So many younger volunteers I’ve met here spend huge amounts of time down and out from simple neglect of their health.

Learn as much of the local language prior to arrival. The Foreign Service Institute has freely downloadable booklet/audio programmes of most languages, including Twi. When you get here try to organise one your fellow workers to give you Twi lessons. A skills exchange might work (computer/music/English lessons for Twi/Ga, etc.). I’ve found learning to communicate in basic Twi in most situations a brilliant icebreaker and a key way to get to know people beyond the surface.

Try to avoid cynicism. This can be hard. There are bound to be a long history to the difficult situations you face in your project. Keep your ears open and mouth shut as much as possible for the first few months until you’ve earned people’s respect by hard work and an ability to listen.

Whether you are male or female, respect the fact that if the accomodation you have been provided with is onsite of the project (school/orphanage) then it is basic manners to inform management, your host that you would like to invite a guest over to visit or stay. Avoid liberally giving out your workplace address to people you have just met, especially if you are young and female, as more than likely the guys will turn up asking for you. This has happened at least 10 times at the project I work in and leads to unnecessary rumours amongst staff, students, etc. as well as the fact that you may have somehow encouraged a complete stranger to visit a project where there are vulnerable children, teens, adults.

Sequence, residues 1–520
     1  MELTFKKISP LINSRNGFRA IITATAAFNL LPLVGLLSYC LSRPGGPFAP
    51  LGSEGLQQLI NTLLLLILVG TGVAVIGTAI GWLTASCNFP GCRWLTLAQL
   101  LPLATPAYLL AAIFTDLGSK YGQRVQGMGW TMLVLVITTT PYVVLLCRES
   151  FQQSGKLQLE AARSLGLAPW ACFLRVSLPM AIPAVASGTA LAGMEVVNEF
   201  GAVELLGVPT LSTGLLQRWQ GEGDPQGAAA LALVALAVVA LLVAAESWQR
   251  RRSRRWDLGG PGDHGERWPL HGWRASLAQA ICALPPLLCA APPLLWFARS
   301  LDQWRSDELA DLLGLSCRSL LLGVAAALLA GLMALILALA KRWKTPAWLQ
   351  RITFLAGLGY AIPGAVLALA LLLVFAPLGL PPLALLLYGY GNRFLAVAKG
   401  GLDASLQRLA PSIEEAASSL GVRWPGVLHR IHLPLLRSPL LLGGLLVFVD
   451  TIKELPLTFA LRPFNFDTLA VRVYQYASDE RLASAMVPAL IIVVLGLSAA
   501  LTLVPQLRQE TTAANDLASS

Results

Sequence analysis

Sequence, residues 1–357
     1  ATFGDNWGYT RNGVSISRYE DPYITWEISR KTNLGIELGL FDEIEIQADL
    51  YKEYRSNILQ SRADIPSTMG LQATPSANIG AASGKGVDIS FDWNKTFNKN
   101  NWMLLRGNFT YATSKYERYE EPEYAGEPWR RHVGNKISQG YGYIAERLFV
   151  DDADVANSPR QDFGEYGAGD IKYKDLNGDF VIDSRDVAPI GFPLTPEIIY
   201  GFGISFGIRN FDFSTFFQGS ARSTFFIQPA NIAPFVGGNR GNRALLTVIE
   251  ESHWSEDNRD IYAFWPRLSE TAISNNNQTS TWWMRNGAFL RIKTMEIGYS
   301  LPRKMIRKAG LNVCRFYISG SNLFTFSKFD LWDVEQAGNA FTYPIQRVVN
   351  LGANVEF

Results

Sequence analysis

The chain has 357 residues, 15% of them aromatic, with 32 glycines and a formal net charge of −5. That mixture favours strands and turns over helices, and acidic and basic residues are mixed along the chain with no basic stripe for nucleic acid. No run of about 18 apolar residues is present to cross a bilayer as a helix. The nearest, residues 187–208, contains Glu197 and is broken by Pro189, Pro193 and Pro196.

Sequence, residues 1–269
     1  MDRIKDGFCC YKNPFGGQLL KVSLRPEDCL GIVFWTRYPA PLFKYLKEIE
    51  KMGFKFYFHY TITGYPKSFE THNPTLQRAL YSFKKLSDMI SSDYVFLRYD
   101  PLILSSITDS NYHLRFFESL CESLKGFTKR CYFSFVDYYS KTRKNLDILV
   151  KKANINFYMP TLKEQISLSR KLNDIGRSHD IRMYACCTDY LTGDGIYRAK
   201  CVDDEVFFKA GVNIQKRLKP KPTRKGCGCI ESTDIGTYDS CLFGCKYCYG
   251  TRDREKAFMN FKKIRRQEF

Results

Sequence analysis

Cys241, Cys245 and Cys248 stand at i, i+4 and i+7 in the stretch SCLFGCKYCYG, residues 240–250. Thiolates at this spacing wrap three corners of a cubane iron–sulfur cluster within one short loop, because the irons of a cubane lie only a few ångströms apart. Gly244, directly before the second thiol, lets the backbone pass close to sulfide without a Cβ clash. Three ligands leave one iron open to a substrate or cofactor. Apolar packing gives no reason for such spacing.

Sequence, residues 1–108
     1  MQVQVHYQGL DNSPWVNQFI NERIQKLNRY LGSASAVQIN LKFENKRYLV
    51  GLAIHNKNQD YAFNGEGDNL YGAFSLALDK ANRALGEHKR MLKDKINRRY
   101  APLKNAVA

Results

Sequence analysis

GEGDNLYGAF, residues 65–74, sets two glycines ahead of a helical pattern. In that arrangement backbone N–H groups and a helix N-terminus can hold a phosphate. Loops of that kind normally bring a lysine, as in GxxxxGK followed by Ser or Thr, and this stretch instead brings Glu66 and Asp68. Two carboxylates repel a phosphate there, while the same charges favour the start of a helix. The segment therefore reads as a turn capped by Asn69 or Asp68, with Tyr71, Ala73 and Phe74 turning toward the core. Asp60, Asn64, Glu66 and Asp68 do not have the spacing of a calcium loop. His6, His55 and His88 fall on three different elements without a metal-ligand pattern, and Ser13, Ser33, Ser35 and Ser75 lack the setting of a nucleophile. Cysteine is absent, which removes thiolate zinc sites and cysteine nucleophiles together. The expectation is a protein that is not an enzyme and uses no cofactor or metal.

Have a good sense of humour like Tim ;-)

Share your good and bad experiences constructively for others to learn from.

Haggle for better prices on the market. Creating conditions for inflation and reinforcing perceptions that white people have lots of money will not earn you respect. Ghanaians are almost always willing to give you a fair price, just don’t be a pushover. Buy local products when possible, which it almost always is – fruit juices, chocolate, staple foods, batik, etc.

Smile lots, be patient, keep your tongue tied as much as possible when you lost the cool, give yourself little treats now and again, and keep in touch with those at home regularly as reintegrating or sharing your experiences over a few hours in a pub can always be a difficult process.

26 05 2009
Tim Little

Thanks for those Damien. I’ll admit shamefacedly that I never bother with a bed net (and so far avoided malaria after 20 months).

While I agree with you in general about avoiding creating local inflation my experience in Tamale is that the price for fruit & veg etc is fixed and the same for locals and foreigners so haggling doesn’t work. If you get to know a seller sometimes they’ll “dash” you a fw extra tomatoes or whatever. Perhaps Tamale is just more honest than Kumasi, the north is better generally the you southerners in Kumasi.

Last point – DON’T learn Twi if you’re coming to the 3 northern regions. It isn’t welcome here

13 08 2016
After a Year | The Fat Worm

[…] was going through my old Ghana blog and found a post that might be useful to people becoming expats for the first […]